Bottom Bay

bottom Just north of the famed Sam Lord’s Castle, this bay is surrounded by high coral cliffs, and is the perfect beach postcard with lots of coconut trees, crystal turquoise water, and a large expansive beach area. It has medium waves, slight undertow, and a  favorite picnic spot with Bajans and visitors.

Take your own food and drink as facilities are not nearby. A very popular beach for surfers but beach lovers will find lots of secluded spots.


sam Sam Lord's Castle is closed now but has been bought by another hotel company and should reopen...sometime.

Sam Lord was a pirate way back but not the kind that went to sea. He stayed at home, in his castle (pictured left), and put lights on the coconut trees so ships would think that they were near Bridgetown. They came close, crashed on the cliffs and Sam added to his treasure.

Church Point 
long2 church
A very special beach, clean, not very wide and somewhat sheltered, the waters are almost always placid with no undertow and good snorkeling. This beach is in front of the stunning coral stone Heron Bay House, which is almost as beautiful to view as the pristine beach it looks upon.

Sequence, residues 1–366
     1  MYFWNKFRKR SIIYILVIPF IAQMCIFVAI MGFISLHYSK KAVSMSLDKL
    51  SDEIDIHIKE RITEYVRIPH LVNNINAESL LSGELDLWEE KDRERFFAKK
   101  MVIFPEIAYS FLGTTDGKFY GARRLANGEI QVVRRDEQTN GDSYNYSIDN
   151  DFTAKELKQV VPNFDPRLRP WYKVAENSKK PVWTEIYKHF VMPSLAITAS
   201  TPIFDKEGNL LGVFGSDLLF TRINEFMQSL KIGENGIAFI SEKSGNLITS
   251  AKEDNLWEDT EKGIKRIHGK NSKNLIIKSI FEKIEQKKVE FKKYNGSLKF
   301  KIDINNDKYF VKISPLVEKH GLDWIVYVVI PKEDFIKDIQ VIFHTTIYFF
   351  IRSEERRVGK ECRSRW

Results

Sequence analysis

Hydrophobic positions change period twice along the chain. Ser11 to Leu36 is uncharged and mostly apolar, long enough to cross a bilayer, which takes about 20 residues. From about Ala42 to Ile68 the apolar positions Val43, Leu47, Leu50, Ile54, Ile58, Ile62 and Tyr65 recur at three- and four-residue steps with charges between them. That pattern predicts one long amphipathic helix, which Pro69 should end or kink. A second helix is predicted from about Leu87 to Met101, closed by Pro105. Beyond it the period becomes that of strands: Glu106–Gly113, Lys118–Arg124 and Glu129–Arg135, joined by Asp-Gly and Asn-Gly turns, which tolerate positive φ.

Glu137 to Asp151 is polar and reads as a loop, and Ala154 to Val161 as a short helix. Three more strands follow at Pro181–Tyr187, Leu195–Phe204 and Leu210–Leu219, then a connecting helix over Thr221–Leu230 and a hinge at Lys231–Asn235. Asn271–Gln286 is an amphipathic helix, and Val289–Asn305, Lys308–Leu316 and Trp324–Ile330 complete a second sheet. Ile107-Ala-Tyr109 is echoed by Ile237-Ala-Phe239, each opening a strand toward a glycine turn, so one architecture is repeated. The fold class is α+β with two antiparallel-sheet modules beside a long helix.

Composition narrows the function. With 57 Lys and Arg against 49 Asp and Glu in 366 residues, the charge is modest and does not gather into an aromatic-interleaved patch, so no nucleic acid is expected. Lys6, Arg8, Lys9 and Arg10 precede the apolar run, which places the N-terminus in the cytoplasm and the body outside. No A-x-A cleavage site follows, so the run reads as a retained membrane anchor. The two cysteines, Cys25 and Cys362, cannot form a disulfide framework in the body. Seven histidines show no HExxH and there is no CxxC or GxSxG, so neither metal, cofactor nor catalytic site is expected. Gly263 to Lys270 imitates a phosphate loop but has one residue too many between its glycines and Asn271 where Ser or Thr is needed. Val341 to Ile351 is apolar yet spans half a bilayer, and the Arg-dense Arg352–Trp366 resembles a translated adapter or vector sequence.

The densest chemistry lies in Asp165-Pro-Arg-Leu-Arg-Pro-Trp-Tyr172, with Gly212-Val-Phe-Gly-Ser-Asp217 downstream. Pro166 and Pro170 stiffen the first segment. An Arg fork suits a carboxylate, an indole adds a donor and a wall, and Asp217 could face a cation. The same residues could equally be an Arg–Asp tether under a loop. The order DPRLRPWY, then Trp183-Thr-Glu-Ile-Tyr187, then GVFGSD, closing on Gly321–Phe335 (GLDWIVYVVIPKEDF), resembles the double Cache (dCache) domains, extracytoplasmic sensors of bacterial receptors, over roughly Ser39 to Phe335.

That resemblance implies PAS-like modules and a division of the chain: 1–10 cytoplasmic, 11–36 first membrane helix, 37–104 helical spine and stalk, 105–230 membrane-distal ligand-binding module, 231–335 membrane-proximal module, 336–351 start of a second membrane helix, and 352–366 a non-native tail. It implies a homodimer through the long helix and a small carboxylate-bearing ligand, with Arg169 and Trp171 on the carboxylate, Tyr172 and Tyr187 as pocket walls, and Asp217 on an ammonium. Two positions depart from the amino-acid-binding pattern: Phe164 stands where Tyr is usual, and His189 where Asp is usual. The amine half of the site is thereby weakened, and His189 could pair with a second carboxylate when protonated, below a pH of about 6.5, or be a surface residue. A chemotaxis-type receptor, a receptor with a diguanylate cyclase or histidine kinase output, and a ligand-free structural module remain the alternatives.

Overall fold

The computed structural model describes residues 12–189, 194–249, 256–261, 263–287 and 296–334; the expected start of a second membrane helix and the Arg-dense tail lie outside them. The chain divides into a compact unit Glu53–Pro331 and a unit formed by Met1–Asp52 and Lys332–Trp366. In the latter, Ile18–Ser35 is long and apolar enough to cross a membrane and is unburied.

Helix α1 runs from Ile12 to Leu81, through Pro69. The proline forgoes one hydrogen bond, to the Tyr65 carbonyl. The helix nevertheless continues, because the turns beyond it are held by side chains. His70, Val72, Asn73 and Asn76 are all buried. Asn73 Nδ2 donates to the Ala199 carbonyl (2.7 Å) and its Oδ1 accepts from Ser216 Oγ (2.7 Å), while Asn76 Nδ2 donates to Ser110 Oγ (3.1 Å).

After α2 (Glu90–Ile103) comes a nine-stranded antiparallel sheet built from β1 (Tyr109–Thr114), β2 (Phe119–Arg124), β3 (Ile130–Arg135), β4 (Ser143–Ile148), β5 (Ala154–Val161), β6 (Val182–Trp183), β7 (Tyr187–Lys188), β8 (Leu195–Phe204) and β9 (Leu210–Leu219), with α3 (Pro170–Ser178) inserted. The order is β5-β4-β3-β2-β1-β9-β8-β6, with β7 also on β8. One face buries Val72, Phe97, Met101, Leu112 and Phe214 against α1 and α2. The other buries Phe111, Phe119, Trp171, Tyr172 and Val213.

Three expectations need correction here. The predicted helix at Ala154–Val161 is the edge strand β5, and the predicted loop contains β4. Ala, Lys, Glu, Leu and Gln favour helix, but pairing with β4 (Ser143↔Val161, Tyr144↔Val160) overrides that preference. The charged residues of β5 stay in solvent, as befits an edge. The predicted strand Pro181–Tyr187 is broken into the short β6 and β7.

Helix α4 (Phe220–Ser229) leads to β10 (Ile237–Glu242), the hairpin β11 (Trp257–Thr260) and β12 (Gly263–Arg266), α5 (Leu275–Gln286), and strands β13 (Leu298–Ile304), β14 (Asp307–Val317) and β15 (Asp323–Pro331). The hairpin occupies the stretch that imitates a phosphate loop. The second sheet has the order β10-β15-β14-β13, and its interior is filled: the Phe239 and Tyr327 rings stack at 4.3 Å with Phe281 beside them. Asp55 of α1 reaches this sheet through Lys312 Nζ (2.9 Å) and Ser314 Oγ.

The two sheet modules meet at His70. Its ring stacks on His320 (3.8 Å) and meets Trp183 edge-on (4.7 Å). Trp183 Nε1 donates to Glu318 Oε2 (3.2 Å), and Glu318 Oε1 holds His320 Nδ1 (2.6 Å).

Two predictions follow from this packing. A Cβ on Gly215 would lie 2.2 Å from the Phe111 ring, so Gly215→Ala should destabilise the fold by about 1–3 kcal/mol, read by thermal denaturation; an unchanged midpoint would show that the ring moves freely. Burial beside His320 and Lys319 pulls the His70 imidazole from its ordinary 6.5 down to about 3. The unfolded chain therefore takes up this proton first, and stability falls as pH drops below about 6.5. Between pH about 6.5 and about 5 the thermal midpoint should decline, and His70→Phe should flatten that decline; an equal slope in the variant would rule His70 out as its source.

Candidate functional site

Heron Bay has hosted many famous guests, including former US President Bill Clinton, former British Prime Minister Sir Winston Churchill, and several movie stars. The house was built in 1947 by the late Ronald Tree, a member of the Winston Churchill British Cabinet.

The house is set on 20 acres of manicured gardens, including a small lake, and the property is often opened as part of the Barbados National Trust's annual Open House Programme.

Long Beach  long                                                              
Long Beach stretches for more than a mile and is very flat and narrow, a great find since it is secluded and private. The nearby long Beach Club has facilities here but this is a fairly private setting.

Long Beach is situated in a natural environment. The buildings that are visible from the beach are a blend of period and modern properties and very attractive. The natural beach environment consists of rocks and cliff faces and is stunningly beautiful.

The sand is very fine and has a bright, white color and the beach and water are very clean. The seawater is a beautiful shade of light blue and is crystal clear.